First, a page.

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UK faces battle over detention vote
Close vote expected on the time terrorism suspects can be held without charge.
Last Modified: 11 Jun 2008 16:40 GMT
The British parliament is voting to extend the 'terror' detention law from 28 days to 42 days [EPA]
The British government faces a parliamentary battle over its plans to extend the amount of time that terrorism suspects can be detained without charge.

While a new poll showed strong support for the ruling Labour party's plans to increase the pre-charge detention limit to 42 days from 28, several politicians are set to vote against the bill.
A spokesman for Gordon Brown, Britain's prime minister, admitted that there was "still more to do" to persuade politicians to back the proposals.
 
As many as 50 Labour members of parliament may vote against the government, which holds an overall parliamentary majority of 66.
Reports on Wednesday suggested that Brown would have to rely on the support of smaller parties to win the vote.
 
In a sign of the closeness of the vote, David Miliband, the foreign secretary, has been forced to cut short his visit to the Middle East to return to London to take part in the vote.
 
Public backing
 
Defeat would increase pressure on the prime minister, whose party is close to record lows in opinion polls and has been hit by recent defeats in local elections, the London mayoral contest, and a by-election in a party stronghold.
 
A poll published in the Daily Telegraph newspaper put public backing for the proposals at 69 per cent, with 24 per cent opposed, while another survey in The Times newspaper on Tuesday had 40 per cent fully backing an extension with a further 33 per cent supportive, provided there were strong safeguards.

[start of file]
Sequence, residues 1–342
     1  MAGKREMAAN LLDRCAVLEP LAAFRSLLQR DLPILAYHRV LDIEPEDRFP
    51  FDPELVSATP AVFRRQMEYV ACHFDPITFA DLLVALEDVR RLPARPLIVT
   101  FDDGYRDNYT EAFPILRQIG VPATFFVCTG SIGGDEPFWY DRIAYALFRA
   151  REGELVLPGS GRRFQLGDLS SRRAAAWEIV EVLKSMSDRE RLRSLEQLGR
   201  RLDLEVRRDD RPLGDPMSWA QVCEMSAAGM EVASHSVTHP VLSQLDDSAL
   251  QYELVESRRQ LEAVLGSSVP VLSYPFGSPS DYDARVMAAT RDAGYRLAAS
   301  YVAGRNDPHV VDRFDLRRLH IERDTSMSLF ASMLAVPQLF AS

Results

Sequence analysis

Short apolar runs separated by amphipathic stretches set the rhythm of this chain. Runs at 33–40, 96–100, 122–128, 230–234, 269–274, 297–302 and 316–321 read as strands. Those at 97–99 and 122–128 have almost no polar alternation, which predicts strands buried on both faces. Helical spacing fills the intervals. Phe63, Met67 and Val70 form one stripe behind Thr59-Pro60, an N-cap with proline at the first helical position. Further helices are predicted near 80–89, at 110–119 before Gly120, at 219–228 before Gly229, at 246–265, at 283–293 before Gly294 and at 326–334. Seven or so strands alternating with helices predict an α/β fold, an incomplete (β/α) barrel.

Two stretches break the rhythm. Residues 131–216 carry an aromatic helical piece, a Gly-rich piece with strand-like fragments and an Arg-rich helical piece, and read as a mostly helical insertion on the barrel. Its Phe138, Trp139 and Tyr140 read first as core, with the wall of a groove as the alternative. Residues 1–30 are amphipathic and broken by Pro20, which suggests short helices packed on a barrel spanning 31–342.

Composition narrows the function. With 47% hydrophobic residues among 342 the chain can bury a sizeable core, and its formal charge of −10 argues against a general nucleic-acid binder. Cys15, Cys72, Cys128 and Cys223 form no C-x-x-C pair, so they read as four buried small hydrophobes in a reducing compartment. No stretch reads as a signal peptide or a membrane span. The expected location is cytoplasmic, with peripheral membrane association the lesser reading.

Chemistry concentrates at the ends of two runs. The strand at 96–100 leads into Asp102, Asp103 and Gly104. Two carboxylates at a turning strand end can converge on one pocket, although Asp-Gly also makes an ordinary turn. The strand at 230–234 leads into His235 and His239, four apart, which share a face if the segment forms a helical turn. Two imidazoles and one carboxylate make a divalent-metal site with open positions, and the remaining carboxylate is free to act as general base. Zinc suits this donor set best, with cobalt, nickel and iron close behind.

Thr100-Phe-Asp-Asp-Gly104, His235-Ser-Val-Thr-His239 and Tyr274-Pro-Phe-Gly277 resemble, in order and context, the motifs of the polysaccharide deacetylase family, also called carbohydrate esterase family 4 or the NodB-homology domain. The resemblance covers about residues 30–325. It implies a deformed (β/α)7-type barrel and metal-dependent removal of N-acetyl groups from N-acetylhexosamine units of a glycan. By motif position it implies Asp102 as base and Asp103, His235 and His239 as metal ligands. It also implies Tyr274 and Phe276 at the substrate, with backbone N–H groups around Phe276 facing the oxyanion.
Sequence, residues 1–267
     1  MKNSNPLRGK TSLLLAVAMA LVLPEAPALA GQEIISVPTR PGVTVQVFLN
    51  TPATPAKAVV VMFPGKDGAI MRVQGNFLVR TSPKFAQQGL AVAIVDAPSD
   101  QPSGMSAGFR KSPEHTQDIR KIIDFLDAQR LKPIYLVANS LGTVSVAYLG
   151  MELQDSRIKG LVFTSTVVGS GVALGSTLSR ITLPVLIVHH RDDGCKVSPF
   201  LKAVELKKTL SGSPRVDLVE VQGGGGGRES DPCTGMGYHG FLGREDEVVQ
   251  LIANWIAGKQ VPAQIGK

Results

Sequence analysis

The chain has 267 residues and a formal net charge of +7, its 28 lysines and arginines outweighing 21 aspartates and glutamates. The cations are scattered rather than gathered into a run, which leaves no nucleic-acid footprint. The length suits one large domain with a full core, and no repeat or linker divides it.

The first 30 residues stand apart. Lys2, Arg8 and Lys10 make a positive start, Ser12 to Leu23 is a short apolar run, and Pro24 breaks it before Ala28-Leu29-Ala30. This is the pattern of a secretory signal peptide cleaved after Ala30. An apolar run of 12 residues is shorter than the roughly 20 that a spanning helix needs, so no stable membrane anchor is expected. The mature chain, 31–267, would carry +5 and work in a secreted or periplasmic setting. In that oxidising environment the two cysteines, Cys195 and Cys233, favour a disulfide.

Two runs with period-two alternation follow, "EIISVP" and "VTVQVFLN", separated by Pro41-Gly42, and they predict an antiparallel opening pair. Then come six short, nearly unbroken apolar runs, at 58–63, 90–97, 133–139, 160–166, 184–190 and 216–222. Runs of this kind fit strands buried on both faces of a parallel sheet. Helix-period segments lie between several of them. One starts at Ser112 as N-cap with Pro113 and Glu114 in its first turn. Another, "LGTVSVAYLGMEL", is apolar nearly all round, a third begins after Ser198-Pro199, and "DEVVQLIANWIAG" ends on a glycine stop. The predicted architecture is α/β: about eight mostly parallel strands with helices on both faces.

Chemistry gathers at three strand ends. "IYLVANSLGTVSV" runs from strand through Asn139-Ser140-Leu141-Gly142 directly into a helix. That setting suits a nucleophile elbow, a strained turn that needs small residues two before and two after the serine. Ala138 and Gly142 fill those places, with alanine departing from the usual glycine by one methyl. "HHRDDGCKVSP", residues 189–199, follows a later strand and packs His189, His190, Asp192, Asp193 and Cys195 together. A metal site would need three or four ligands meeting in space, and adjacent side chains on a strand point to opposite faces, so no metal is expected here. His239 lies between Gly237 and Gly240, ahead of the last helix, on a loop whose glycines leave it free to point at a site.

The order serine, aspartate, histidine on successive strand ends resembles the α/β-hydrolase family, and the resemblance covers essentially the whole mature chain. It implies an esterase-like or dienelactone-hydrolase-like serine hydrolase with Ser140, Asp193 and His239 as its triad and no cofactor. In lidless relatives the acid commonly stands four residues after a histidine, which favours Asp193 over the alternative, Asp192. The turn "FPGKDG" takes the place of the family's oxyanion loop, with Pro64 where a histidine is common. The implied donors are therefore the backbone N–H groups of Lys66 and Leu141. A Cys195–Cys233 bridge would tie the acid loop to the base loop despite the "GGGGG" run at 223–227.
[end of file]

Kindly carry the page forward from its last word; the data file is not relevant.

Arguments being used to support the increase include the view that police require more time to investigate increasingly sophisticated plots, often with an international dimension.
 
Opponents of the controversial "counter-terrorism" bill include the parliament's oversight committee on human rights, civil liberties groups and senior legal figures.
 
Rizwaan Sabir, a postgraduate student at Nottingham university who was held without charge for six days in May under terrorism legislation, told Al Jazeera that the plans to hold suspects longer than 28 days have nothing to do with protecting the public.
 
He said: "This is power politics being played out in the houses of parliament. It makes me think about what the government's agenda is… is it to maintain the status of a police state over a certain group?
 
"If they're trying to stop the radicalisation of Muslims the way to do that is not by locking away innocent people for 42 days... That will exacerbate the problem."
 
Sabir said that he was subjected to psychological torture during his detention.
 
"It was the most degrading, dehumanising encounter I've ever experienced.
 
"They [the police] ask you the same questions in different words and you're deemed to be guilty as soon you're arrested… which is a complete violation of the rule of law in this country," he said 
 
Sabir was arrested after police discovered he had downloaded an al- Qaeda training manual as part of his PhD research into radical Muslim groups around the world.
 
Widespread opposition
 
Lord advocate, Elish Angiolini, Scotland's chief prosecutor, has also joined the government's critics, echoing the views of Ken Macdonald, the director of public prosecutions in England and Wales.
 
Lord Angiolini told the Herald newspaper in Glasgow that she was "not aware" of any cases in Scotland where an extension beyond 28 days would have been necessary.                               
 
Tony Blair failed to increase the detention 
limit from 14 days to 90 days [AFP] 
Meanwhile, Martin Scheinin, the United Nation's special rapporteur on human rights and counter-terrorism, urged Brown to think again.
 
"I appeal to the [British] government to withdraw the bill or to postpone taking a definite decision on it," he said in Geneva.
 
Tony Blair, Brown's predecessor, tried and failed to increase the pre-charge detention limit from the then-maximum 14 days to 90 days after the July 2005 suicide attacks in London.
 
The attacks on London's public transport network killed 56 people, including the bombers themselves.
Source:
Al Jazeera and agencies
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